More captivating, however, is the feature to stream music, movies and images through DLNA, which has also been incorporated into Philips Cinema 21:9.
DLNA can be accessed with the"home" button on the remote. DLNA is optimized for music and images, though. The video streaming is ridiculous. I tried with DivX / Xvid files and even though the TV supports them, you cannot bear to watch it. Firstly, image quality is grainy and blocky. Secondly picture and sound is out of sync. Cinema 21:9 handles some of the other video formats but the sync problem is general as well as too many picture artefacts.
Music and image streaming works well with DLNA on Philips Cinema 21:9.
We have acquired measuring equipment to measure power consumption. The power consumption on the Panasonic V10 series is measured in the table below. Soon we will release a comparison applet allowing you to compare power consumption on a huge amount of LCD and plasma TVs.
Measurements on Philips Cinema 21:9 below:
I was able to lower the power consumption on Cinema 21:9 significantly after calibration, because I reduced most dynamic systems and lowered brightness. Stand-by consumption on the Philips Cinema 21:9 were measured at 0.0 W. Impressive.
Also, please note that the flat panel TV uses less power after calibration. This is common on flat panel displays because many picture parameters are reduced during calibration.
I took a preliminary measurement of on Cinema 21:9 on the Default profile.
The graph says this:
The number on the left is the delta value. Delta is a difference between two factors; here it’s the difference between the measured colour on the panel and the actual colour that is our target.
A delta value lower that 2 results in a visible deviation from the actual colour.
A delta value over 4 or 5 results in wrong colours.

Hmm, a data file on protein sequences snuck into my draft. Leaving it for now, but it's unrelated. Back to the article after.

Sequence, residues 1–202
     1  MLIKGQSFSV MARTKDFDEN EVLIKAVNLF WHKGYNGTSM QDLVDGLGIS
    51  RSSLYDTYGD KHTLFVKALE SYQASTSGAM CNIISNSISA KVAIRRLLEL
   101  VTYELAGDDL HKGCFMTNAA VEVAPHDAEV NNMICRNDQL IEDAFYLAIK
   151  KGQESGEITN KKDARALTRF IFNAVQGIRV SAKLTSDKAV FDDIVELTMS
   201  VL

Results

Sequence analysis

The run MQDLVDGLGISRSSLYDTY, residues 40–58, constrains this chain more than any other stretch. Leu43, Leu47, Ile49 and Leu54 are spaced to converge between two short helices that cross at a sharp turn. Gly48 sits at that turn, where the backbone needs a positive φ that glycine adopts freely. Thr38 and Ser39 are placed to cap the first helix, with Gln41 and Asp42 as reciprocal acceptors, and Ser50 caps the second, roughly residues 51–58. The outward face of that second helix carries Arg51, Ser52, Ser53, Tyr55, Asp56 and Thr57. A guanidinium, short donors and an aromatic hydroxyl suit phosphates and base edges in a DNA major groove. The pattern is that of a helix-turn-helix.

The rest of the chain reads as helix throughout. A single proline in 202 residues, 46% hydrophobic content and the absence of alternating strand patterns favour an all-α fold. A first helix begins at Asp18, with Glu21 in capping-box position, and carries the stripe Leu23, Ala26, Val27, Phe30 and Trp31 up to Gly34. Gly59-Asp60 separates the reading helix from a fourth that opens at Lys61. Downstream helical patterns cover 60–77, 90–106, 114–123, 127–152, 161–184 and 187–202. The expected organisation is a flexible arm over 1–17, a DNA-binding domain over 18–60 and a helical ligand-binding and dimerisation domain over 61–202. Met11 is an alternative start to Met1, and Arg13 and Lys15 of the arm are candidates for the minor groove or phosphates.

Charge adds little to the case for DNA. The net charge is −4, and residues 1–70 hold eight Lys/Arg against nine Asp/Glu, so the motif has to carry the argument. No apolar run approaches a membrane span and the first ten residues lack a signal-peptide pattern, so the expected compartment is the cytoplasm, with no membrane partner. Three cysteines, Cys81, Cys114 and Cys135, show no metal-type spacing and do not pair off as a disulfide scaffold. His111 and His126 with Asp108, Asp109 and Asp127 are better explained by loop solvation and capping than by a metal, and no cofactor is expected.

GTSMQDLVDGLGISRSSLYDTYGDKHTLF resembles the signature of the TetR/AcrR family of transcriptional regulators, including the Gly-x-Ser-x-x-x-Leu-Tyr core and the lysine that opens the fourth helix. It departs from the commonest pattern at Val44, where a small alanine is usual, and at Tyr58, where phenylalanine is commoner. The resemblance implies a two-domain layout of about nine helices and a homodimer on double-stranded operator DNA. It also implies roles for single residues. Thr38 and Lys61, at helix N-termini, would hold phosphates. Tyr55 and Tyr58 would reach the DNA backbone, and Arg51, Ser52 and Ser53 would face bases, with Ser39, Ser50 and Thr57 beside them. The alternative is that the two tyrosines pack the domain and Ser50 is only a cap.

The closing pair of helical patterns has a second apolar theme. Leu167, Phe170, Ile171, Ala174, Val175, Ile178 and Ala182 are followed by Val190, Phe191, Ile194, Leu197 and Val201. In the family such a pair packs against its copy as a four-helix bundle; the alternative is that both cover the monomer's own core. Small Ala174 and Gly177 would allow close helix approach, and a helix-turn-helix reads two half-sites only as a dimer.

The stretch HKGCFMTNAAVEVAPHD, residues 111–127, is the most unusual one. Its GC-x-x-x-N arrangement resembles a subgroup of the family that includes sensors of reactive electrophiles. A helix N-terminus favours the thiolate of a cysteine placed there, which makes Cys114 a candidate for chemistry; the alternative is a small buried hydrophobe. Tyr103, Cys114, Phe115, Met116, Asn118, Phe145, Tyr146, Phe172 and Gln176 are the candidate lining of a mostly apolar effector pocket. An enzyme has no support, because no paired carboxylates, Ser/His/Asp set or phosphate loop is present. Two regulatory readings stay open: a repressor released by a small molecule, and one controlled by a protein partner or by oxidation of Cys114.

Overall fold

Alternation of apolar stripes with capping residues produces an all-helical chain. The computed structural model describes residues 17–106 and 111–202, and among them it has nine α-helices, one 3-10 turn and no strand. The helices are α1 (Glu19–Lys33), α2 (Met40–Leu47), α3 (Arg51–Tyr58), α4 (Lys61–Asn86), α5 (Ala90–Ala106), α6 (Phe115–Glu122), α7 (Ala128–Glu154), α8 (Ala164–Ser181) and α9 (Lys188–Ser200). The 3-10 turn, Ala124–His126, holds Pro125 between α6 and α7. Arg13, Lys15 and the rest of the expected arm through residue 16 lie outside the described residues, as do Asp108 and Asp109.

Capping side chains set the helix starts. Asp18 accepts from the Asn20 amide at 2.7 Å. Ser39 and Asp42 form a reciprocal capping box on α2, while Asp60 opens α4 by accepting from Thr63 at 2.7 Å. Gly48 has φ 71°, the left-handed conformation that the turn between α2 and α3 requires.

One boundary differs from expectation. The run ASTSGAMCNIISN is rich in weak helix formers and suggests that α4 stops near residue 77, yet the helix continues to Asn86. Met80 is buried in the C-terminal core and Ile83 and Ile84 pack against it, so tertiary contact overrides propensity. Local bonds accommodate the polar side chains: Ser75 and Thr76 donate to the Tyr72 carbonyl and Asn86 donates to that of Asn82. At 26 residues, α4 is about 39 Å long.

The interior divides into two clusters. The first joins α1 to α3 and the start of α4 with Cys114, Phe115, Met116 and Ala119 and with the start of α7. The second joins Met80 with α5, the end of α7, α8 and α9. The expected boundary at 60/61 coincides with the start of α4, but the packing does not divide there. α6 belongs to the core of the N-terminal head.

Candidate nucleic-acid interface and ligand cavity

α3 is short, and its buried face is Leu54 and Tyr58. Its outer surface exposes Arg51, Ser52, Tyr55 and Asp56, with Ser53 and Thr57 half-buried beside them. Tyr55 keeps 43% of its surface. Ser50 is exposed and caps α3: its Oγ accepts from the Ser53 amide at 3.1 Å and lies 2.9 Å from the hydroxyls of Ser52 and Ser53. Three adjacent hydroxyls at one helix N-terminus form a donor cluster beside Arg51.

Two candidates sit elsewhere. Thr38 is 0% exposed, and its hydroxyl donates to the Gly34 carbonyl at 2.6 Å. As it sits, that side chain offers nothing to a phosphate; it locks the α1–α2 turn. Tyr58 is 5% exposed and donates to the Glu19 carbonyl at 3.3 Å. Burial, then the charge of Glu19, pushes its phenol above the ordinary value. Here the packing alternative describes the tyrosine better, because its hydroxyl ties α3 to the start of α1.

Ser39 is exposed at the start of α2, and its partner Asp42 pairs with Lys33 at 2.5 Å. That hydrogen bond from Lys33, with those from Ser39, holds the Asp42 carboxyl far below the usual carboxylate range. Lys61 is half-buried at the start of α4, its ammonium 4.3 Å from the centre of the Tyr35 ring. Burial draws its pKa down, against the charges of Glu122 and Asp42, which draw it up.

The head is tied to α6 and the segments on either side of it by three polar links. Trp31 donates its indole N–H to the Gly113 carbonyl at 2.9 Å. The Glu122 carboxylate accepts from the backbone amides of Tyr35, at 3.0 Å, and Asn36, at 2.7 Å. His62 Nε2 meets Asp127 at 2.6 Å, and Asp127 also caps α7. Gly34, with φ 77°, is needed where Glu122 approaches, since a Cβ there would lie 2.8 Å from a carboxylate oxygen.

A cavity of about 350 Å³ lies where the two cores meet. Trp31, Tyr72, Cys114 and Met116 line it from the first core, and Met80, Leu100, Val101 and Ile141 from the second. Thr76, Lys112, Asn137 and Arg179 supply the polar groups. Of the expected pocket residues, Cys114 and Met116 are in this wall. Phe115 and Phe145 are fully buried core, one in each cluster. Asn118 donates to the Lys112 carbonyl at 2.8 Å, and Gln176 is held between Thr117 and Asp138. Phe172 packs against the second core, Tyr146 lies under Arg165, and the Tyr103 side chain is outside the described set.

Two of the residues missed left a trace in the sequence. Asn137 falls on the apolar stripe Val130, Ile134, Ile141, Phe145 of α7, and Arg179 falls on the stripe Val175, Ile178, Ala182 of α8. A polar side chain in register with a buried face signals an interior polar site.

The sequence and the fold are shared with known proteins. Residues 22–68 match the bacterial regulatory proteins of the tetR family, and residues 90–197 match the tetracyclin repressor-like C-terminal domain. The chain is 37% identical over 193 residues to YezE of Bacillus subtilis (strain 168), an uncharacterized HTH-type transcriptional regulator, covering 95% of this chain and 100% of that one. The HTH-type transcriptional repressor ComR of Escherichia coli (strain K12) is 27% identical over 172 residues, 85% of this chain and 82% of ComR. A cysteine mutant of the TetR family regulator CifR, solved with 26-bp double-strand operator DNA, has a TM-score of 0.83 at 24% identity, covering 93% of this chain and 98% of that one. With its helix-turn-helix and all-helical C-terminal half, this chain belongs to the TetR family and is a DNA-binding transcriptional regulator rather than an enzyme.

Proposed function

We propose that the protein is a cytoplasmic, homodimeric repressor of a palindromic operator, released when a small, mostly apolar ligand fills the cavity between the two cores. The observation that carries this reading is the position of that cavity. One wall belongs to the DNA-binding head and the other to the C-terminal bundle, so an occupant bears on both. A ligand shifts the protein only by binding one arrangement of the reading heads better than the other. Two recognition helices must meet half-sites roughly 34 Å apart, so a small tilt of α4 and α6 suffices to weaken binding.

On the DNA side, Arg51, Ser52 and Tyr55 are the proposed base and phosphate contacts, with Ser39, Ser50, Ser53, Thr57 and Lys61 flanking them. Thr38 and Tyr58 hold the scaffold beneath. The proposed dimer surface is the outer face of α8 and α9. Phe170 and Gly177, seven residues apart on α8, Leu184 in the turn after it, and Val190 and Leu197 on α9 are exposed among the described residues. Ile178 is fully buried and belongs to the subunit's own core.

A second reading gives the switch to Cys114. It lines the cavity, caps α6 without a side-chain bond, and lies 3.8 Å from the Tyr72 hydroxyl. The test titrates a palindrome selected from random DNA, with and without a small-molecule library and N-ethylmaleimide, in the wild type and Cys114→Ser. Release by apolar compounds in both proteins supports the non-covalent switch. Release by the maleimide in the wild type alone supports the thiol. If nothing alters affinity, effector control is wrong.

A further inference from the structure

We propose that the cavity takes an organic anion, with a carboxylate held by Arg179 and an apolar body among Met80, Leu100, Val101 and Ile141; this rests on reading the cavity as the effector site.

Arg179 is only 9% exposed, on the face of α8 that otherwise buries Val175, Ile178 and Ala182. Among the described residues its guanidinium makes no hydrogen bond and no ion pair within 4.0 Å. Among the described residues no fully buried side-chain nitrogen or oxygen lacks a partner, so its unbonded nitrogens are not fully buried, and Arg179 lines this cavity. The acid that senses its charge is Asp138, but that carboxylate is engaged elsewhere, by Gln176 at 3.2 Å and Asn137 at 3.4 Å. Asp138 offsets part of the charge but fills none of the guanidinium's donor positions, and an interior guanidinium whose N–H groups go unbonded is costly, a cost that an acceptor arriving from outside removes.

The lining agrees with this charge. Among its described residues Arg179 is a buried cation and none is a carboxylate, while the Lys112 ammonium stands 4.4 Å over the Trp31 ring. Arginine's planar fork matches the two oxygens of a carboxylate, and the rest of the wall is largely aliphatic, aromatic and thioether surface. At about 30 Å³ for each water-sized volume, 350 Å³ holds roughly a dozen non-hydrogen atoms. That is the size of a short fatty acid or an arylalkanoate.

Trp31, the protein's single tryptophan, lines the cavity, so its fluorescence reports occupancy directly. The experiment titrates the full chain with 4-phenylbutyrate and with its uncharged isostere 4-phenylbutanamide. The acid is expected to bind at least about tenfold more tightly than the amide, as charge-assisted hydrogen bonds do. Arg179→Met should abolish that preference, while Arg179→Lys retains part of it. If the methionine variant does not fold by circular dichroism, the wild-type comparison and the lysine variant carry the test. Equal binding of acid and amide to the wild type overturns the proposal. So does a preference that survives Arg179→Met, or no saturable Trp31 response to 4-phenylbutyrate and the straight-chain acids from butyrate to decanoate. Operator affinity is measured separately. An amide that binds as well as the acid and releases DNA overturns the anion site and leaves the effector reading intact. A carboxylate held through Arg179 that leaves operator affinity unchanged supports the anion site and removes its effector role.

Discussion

A delta value between 1 and 2 results in precise but not perfect colours.
A delta value lower than one results in almost perfect colours. The target is 0.
Everything between 0 and 1 is barely visible to the human eye.
Philips Cinema 21:9 does not perform well with its default settings. Philips has added a myriad of different technologies, all of them struggling to influence the picture. Philips has also added massive amount of sharpness (imitated sharpness with white line edge enhancement).
My measurements above also shows that the colour reproduction is not very accurate and both gamma and colour temperature is far from the targets of 2.2 and 6500 Kelvin. The graph suggests that the gamma is around 2.8 but this is a mean. Gamma rises from about 2.7 in the bright grey’s to 3.0 in dark grey. The brightness on Cinema 21:9 is also very intense and it is certainly not fit for home cinema viewing.
I tried the Cinema profile and disabled most of Philips’ dynamic imaging circuits. Here’s my new measurement:
As you can see on the graph I managed to make great improvements. However, there are still discrepancies, especially in gamma, which means that the light balance in the picture is wrong (leading to wrong colours as well). Gamma falls from about 2.6 to 2.4 on my gamma curve. We aim for 2.2.
Picture quality has been improved significantly though; not only because of the more accurate colours and gamma but also because I have deactivated most dynamic circuits.
Measurements after calibration:
HD Natural Motion
On / Off
200 Hz Clear LCD
On / Off
Advanced (enhanced) sharpness
• White point red
• White point green
• White point blue
• Red black level offset
• Green black level offset
Please note that I have deactivated most dynamic systems. Contrarily, they result in poorer picture quality. I started off with the Cinema profile but when you start your customization Cinema 21:9 switches to the Custom profile. I have changed brightness and contrast in order to reduce brightness (on the LCD panel), to correct the gamma, and improve shadow detail.
The setting is called brightness controls gamma on Cinema 21:9 so I tried playing with this in order to balance gamma. By increasing"Brightness" you can reduce the gamma to our target of 2.2, thereby improving balance in the picture, improving colour accuracy and improving shadow detail, etc.